A protocol for developing, disseminating, and implementing a core outcome set for stress urinary incontinence.

Randomized trials evaluating interventions for stress urinary incontinence (SUI) have been using variable outcome measures, reporting a variety of outcomes. Alongside this variation across studies, outcome-reporting flaws contribute to a limited use of research to inform clinical practice. The development and use of core outcome sets (COSs) in future trials would ensure that outcomes important to different stakeholders and primarily women with SUI are reported more consistently and comprehensively.

An international steering group including healthcare professionals, researchers, and women with urinary incontinence will guide the development of this COS. Potential outcomes will be identified through comprehensive literature reviews. These outcomes will be entered into an international, multiperspective online Delphi survey. All key stakeholders, including healthcare professionals, researchers, and women with urinary incontinence, will be invited to participate. The modified Delphi method encourages stakeholder group convergence toward collective agreement, also referred as consensus, core outcomes.

Dissemination and implementation of the resulting COS within an international context will be promoted and reviewed. Embedding the COS for SUI within future clinical trials, systematic reviews and clinical practice guidelines could make a significant contribution to advancing the value of research in informing clinical practice, enhancing patient care and improving outcomes. The infrastructure created by developing a COS for SUI could be leveraged in other settings, for example, selecting research priorities and clinical practice guideline development.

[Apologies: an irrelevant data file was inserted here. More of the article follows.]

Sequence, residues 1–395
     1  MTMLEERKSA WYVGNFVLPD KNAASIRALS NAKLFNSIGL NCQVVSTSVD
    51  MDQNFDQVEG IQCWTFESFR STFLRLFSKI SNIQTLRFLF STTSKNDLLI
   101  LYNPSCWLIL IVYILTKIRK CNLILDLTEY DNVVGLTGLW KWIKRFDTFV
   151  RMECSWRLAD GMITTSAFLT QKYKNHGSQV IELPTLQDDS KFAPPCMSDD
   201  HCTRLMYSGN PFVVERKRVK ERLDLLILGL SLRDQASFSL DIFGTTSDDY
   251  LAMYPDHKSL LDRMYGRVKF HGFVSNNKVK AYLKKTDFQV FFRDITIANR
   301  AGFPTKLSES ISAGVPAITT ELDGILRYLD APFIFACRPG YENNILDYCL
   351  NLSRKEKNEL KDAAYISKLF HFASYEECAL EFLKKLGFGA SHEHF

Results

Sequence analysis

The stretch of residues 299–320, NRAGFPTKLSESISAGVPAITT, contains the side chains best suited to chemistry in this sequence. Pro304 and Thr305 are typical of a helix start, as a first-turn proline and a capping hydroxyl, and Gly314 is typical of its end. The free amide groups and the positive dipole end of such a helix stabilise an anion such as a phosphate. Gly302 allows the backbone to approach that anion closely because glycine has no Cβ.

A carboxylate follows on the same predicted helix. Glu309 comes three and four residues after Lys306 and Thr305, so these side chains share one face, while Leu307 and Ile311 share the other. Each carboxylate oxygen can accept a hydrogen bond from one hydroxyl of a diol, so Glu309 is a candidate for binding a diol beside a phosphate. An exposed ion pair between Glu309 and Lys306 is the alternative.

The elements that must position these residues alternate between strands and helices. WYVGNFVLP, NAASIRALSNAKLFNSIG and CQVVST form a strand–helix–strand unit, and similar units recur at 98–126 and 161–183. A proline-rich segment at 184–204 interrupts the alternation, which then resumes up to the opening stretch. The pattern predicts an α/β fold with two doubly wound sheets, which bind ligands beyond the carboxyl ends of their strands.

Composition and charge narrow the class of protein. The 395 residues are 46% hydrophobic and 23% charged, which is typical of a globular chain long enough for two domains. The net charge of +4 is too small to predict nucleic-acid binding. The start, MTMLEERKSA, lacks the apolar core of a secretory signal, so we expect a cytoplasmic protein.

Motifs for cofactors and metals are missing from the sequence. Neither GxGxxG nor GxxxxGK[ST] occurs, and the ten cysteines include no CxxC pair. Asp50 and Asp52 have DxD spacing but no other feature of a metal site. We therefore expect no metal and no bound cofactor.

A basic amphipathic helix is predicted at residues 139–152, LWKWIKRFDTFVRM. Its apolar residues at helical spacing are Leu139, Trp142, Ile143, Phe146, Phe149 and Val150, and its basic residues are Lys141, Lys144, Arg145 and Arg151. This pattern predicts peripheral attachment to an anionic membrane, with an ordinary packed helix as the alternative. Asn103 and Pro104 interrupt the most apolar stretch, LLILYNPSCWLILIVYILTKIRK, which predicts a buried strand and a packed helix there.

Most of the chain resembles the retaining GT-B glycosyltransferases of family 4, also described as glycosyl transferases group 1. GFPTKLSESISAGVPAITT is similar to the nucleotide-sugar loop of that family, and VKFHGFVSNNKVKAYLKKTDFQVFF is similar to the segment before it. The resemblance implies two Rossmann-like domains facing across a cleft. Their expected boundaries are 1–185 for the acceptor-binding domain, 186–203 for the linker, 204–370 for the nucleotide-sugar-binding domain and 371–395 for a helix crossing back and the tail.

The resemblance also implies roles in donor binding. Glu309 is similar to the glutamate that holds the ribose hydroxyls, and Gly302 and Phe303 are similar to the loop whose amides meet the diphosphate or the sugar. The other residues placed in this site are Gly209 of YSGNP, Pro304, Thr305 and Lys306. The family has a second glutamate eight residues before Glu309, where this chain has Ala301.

Medicine. 2019 Sep [Epub]

Maria-Patricia Rada, Vasilios Pergialiotis, Cornelia Betschart, Gabriele Falconi, Jorge Milhem Haddad, Stergios K Doumouchtsis

Department of Obstetrics and Gynaecology, Epsom & St Helier University Hospitals NHS Trust, London, United Kingdom., Laboratory of Experimental Surgery and Surgical Research N S Christeas, Athens University Medical School, Athens, Greece., Department of Gynecology, University Hospital of Zurich, Zurich, Switzerland., Department of Obstetrics and Gynaecology, San Bortolo Hospital, Vicenza, Italy., Department Obstetrics and Gynaecology, Urogynaecology Division, Hospital das Clínicas da Faculdade de Medicina da Universidade de São Paulo, São Paulo, Brazil.

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